Ronald Clarke, a professor in the Evolutionary Studies Institute at the University of the Witwatersrand who discovered the Little Foot skeleton, said the fossil represents Australopithecus prometheus, a species very different from its contemporary, Australopithecus afarensis, and with more similarities to the Paranthropus lineage.So, what is Au. prometheus, exactly and how does it differ from the other australopithecines in the area? From the paper by Granger, et al.1:
“It demonstrates that the later hominids, for example, Australopithecus africanus and Paranthropus did not all have to have derived from Australopithecus afarensis,” he said. “We have only a small number of sites and we tend to base our evolutionary scenarios on the few fossils we have from those sites. This new date is a reminder that there could well have been many species of Australopithecus extending over a much wider area of Africa.”
This species was named on the basis of a parietooccipital fossil from Makapansgat23. It has been suggested22 that several other Sterkfontein and some Makapansgat specimens also belong in this species making Australopithecus africanus and A. prometheus contemporaries in the assemblages of Makapansgat Member 3 and Sterkfontein Member 4. A. prometheus differs from A. africanus in features including Paranthropus-like larger, bulbous-cusped cheek teeth, a longer, flatter face, incipient supraglabellar hollowing and a more vertical rounded occiput22. (Note that we use the term hominid in the traditional sense to include humans and their ancestral relatives but exclude the great apes.)One of the raging debates in human palaeontological studies concerns whether or not the robust australopithecines, Au. robustus and Au. boisei, represent their own clade, Paranthropus. This perspective is based on traits that are shared to the exclusion of other australopithecine species. Opponents of this view argue that quite a few of the traits that make up this clade are functional in nature, involving mostly the chewing complex, and that as such, Au. robustus and Au. boisei are outgrowths of Au. africanus.
The story continues, quoting Ron Clarke:
“It demonstrates that the later hominids, for example, Australopithecus africanus and Paranthropus did not all have to have derived from Australopithecus afarensis," he said. “We have only a small number of sites and we tend to base our evolutionary scenarios on the few fossils we have from those sites. This new date is a reminder that there could well have been many species of Australopithecus extending over a much wider area of Africa.”Hope so, because right now, here is how it looks:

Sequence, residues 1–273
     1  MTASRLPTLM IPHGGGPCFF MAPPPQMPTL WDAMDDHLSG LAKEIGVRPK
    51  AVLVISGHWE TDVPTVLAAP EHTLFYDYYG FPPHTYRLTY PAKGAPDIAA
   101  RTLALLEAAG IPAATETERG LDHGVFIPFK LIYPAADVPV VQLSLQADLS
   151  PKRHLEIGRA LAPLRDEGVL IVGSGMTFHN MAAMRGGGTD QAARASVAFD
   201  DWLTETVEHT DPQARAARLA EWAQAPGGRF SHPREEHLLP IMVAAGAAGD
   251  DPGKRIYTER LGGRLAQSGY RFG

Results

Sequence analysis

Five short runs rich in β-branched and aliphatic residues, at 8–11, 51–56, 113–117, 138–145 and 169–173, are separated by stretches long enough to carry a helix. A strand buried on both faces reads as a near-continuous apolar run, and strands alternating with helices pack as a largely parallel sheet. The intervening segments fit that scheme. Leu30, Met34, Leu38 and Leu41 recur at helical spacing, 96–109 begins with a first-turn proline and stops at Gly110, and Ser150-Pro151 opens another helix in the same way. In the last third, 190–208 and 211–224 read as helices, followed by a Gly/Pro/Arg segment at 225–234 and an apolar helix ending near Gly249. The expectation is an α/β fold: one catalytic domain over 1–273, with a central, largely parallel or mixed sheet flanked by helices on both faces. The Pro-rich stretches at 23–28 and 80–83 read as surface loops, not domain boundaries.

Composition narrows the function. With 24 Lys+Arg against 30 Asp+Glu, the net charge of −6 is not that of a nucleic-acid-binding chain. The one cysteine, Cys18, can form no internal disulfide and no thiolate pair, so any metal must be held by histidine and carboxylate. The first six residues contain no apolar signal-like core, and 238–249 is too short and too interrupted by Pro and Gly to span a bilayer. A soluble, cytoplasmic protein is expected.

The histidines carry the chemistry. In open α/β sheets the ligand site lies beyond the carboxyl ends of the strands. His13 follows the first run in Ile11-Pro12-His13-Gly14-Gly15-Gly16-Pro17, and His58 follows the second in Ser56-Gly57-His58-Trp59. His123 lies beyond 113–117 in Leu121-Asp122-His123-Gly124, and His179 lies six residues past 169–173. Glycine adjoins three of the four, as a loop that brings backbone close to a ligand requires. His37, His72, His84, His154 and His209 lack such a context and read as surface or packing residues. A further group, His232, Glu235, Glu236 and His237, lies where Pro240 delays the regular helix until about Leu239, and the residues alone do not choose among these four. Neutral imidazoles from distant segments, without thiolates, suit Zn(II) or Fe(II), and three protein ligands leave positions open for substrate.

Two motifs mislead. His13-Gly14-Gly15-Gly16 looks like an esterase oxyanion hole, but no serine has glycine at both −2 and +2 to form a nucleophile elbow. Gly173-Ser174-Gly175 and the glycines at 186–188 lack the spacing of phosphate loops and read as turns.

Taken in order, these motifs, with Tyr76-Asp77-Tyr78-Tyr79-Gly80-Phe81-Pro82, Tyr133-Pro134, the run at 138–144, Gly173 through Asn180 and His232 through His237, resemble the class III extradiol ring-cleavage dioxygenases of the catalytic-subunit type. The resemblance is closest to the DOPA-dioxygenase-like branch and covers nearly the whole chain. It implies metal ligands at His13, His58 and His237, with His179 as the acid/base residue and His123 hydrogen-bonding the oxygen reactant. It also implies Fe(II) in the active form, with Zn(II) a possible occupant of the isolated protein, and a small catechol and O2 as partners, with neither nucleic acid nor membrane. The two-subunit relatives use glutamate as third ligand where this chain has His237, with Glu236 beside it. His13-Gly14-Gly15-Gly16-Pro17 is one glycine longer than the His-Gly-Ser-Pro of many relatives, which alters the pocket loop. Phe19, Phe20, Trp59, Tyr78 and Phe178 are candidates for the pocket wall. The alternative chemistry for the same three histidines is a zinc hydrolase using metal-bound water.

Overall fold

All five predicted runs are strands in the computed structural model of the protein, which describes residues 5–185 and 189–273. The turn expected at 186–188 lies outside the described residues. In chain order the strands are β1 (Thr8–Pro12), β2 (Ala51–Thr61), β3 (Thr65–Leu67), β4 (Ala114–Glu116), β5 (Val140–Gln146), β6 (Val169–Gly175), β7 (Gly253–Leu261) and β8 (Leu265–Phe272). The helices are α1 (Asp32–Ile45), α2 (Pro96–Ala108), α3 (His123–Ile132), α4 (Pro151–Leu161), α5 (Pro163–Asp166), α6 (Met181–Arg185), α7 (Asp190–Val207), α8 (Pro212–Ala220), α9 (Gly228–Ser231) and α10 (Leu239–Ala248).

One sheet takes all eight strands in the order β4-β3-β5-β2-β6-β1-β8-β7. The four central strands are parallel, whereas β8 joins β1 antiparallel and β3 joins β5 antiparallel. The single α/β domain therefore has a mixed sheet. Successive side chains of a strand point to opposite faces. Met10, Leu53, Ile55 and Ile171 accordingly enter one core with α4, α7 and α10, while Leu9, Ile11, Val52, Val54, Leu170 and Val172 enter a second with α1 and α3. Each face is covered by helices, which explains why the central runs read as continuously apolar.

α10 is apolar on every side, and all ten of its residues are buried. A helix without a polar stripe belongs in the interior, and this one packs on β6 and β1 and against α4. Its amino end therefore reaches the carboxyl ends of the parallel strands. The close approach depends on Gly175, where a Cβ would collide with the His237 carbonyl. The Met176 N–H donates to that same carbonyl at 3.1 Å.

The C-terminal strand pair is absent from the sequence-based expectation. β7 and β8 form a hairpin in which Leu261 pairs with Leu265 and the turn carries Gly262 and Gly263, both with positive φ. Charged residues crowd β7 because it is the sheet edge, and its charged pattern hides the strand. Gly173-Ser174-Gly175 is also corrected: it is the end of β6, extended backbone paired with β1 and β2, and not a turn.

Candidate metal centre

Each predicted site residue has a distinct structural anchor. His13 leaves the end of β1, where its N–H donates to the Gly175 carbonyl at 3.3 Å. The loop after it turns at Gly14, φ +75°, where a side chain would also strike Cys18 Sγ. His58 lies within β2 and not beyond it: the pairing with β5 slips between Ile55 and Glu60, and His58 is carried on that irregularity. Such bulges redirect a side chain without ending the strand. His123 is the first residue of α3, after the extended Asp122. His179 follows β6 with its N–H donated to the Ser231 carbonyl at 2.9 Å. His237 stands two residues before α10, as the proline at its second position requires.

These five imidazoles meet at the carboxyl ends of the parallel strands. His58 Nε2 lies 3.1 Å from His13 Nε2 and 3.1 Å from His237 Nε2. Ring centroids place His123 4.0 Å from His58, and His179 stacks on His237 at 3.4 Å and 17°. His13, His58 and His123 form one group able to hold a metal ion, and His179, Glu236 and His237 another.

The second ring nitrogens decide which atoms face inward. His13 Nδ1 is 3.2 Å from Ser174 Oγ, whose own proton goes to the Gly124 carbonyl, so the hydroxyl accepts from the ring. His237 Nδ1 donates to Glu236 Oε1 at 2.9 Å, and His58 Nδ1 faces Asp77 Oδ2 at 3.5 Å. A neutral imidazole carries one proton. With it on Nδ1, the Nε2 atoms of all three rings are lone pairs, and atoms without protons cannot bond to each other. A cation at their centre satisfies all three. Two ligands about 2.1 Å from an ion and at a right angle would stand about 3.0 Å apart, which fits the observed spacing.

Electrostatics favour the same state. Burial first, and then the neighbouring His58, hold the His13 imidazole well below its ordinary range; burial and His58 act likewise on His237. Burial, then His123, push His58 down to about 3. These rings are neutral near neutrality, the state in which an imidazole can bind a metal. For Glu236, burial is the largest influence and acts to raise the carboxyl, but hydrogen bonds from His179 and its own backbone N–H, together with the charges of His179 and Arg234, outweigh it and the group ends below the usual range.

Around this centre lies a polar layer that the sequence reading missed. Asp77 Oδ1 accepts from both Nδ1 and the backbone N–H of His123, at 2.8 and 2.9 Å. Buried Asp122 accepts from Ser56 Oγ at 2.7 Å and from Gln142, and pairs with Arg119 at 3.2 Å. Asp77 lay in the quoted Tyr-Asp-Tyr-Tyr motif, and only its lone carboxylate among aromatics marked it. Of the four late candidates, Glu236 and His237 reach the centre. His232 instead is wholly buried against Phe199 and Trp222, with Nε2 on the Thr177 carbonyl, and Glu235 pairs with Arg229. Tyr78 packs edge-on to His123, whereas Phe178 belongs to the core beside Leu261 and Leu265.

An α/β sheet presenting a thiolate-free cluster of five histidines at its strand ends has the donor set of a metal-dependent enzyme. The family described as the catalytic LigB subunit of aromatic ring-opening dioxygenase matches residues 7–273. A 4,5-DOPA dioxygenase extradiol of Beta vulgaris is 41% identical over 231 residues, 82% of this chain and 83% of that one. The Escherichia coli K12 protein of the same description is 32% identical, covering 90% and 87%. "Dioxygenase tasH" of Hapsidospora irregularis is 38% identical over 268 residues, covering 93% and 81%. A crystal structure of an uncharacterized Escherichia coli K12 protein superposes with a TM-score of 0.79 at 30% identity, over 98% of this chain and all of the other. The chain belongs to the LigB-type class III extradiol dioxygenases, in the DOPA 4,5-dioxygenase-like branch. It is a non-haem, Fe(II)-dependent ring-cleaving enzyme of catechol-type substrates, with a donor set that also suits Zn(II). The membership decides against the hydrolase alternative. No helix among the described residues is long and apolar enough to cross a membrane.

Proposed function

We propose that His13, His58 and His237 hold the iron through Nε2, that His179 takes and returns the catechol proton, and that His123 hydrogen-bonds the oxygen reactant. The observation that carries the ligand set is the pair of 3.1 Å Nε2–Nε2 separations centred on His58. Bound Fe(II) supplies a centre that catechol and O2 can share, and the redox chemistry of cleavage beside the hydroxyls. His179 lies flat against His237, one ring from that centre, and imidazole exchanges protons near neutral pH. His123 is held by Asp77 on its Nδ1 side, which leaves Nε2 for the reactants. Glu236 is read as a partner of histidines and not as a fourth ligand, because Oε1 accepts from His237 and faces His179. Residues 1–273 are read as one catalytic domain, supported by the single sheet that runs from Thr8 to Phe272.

- P. robustus (or Au. robustus) only in South Africa
- P. boisei (or Au. boisei) only in East Africa
- Early Homo only in East and Northeast Africa
- Au. africanus only in South Africa
- Ar. ramidus only in North East Africa
- Au. afarensis only in North East Africa
All of this sort of leads to the question of who the last common ancestor of humans and modern apes was. All we have to go on is a badly crushed skull from the Sahel River area in Chad that is purported to be somewhere around 7 mya, but is, in reality, a surface find, and some hominin-looking post-cranial remains from the Tugen Hills, in Kenya that are dated to between 5.6 and 6.1 mya. By the time we get to Ar. ramidus, at least facultative bipedalism is in place, although there are still quite a few ape-like traits. What is not clear from the report by Granger et al, is how the morphology compares to earlier hominins. For example, can the traits observed in Au. prometheus be derived from Ar. ramidus? If so, then it still represents a possible precursor and something like Ar. ramidus gave rise to both the australopithecines and the paranthropines. The fact that the discoverers are calling it Australopithecus suggests that it shares enough derived traits with the australopithecines as a whole to be called that. If the traits cannot be derived from Ar. ramidus, then it raises the possibility that the paranthropines and Ar. ramidus share a common ancestor. At this point, until some systematic analyses can be done, we simply don't know.
Of course, all of this is contingent on the dates holding up. The article gives a pretty good run-down on how isochron dating works and indicates that the dates are consistent with what would be expected given the deposition. I am sure that more will come out about this very shortly. Until then...
1Darryl E. Granger, Ryan J. Gibbon, Kathleen Kuman, Ronald J. Clarke, Laurent Bruxelles, Marc W. Caffee. New cosmogenic burial ages for Sterkfontein Member 2 Australopithecus and Member 5 Oldowan. Nature, 2015